With the unveiling of a Jewish veteran’s headstone, another rare act of bravery
Last Sunday, I attended an extraordinary Zoom ceremony in Manchester, England, that marked the placement of a Star of David headstone in remembrance of a Jewish WWII veteran, Kurt Goldschlager, who had been buried under a cross. The military ceremony was led by Rabbi David Lewis and included a range of Jewish veterans in full uniform. A bugler played “The Last Post.” The ceremony culminated with a group recital of Kaddish.
The memorial came about after I had contacted Martin Sugarman, an archivist who has devoted his life to getting the story of Jewish servicemen out to the broader public, at the behest of one of Goldschlager’s relatives.
The new black marble gravestone was etched with the following words: “Kurt Theodor Goldschlager served in No. 3 Jewish Troop 10 Commando WW2 as Cpt. Kenneth Edward Clarke.”
Goldschlager had two names since he was a member of 3 Troop/X Troop, a German-speaking unit created by Winston Churchill and Lord Mountbatten in 1942 and comprising German and Austrian Jewish refugees like Goldschlager.
As I described in my book “X Troop: The Secret Jewish Commandos of World War Two,” in order to serve in the unit, all of the commandos had to take on fake British names and identities, and pretend that they were Christian. Thus Kurt Theodor Goldschlager became Kenneth Edward Clarke. This identity change was necessary because if they were captured they would be killed as Jews, and the Gestapo would round up any family members still in Germany or Austria.
X Troop commandos were at the forefront of many of the war’s most crucial battles, including D-Day, The Battle of the Bulge and The Crossing of the Rhine. After VE-Day, they were also central to denazification efforts and gathering evidence for the Nuremberg trials.
Although the men fought as Jews, after the war ended, remarkably, most of them kept their new English names and identities. And their story remained largely unknown because so many of the former commandos never discussed their prewar roots, even with their own children.
In 1990, the gray slate memorial to the commandos that was erected in Aberdyfi, Wales, where they had billeted and trained, did not mention the word ‘Jewish’ nor does the tourist pamphlet given out about the troop in the village. X Troop’s story and Jewish identity has been progressively erased from history, from their headstones to their memorials.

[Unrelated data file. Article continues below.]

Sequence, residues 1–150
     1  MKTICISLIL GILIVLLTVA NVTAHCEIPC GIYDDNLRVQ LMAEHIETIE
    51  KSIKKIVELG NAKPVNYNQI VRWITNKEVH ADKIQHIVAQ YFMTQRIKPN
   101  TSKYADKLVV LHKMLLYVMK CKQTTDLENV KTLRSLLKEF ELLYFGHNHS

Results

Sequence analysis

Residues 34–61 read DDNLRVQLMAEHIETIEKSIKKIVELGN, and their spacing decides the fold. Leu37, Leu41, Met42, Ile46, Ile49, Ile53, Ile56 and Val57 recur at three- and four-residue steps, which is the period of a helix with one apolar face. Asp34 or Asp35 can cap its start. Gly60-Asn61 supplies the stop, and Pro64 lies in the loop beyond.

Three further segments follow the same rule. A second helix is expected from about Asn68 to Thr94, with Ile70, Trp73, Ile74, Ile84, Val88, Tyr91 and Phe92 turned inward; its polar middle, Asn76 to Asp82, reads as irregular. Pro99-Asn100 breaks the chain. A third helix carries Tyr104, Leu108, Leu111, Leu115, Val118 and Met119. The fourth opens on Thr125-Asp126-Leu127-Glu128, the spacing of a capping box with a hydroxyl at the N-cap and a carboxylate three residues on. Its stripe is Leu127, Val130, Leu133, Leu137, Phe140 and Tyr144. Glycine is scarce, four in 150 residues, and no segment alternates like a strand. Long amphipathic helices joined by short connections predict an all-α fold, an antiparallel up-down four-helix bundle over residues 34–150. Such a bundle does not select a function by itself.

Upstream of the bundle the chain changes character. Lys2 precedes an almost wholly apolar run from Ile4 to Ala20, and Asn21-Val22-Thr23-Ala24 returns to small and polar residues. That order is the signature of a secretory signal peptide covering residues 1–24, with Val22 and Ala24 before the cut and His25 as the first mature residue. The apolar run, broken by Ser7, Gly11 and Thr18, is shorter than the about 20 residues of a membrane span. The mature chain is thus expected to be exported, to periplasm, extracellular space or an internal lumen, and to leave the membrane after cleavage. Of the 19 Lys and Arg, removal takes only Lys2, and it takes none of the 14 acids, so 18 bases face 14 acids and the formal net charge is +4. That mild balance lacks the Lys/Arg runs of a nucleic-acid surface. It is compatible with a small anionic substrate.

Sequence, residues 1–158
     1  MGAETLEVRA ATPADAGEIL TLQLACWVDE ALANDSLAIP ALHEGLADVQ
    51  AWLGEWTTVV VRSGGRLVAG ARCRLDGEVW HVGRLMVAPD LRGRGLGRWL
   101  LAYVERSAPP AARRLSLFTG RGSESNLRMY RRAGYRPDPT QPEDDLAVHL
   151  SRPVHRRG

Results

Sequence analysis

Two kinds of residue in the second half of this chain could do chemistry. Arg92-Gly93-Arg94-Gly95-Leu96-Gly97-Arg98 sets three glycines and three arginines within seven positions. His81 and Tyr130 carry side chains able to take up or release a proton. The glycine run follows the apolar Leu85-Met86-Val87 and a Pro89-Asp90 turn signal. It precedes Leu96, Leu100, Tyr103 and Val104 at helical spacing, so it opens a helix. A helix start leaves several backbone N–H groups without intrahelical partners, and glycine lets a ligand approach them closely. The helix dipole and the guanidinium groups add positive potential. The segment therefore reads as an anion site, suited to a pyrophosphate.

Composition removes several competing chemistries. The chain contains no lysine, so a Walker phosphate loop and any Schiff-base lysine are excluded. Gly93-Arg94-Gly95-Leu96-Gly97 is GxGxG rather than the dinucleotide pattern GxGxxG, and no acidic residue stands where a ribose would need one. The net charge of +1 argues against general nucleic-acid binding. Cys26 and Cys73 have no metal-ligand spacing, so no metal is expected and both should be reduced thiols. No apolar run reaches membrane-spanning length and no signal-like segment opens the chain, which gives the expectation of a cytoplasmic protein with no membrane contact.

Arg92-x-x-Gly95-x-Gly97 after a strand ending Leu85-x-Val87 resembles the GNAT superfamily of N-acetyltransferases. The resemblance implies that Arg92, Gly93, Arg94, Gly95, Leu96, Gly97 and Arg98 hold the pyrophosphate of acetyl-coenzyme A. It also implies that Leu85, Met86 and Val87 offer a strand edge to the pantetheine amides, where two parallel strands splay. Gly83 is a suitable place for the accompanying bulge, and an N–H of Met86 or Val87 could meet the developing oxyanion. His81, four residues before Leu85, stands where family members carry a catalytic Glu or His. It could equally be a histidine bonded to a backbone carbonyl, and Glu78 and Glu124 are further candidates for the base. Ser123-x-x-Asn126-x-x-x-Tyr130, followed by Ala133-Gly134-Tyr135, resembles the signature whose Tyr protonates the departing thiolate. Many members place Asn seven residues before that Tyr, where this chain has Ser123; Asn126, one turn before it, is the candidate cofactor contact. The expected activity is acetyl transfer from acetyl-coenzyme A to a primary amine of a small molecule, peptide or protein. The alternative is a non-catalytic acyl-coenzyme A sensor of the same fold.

The children of the commandos explained to me that they often only had realized that they had Jewish fathers when they started to ask questions as teenagers. As the son of one X Trooper recently told me, his father had likely hid his Jewish background because he wanted to protect his British-born children from the type of terror that he himself had gone through as a Jew in Germany before he managed to escape to England.
At first glance, this may seem odd — after all, most of the commandos moved to the UK after the war so what could they possibly have been afraid of in safe, pluralistic, democratic England?
Well, only this morning I read this headline in the London Jewish Chronicle: “Jew-Hunting Mob On The Streets of London” about a group of activists who attacked the Israeli Ambassador to the UK after she spoke at the London School of Economics. Attacks on Jews in Britain have soared in recent years, synagogues have been torched, Jewish graves desecrated. Jeremy Corbyn, the recent leader of Britain’s Labour Party has openly praised antisemitic books and murals, laid a wreath at the grave of the Munich Olympic attackers, and has taken tea with Holocaust deniers.
As we celebrate Veterans Day, it makes sense to me that it falls just after the anniversary of Kristallnacht. The resurgence of antisemitism has meant viewing veterans memorials and remembrances in new ways. Although it is deeply disturbing to have to admit this, having one’s headstone changed from a cross to a Star of David is, during these dark days, a very courageous act.
Leah Garrett is professor and director of Jewish Studies at Hunter College, CUNY. She has published five books in Jewish Studies and won and was shortlisted for numerous literary prizes. Her most recent book is “X Troop: The Secret Jewish Commandos of World War Two” (Harper Collins, 2021).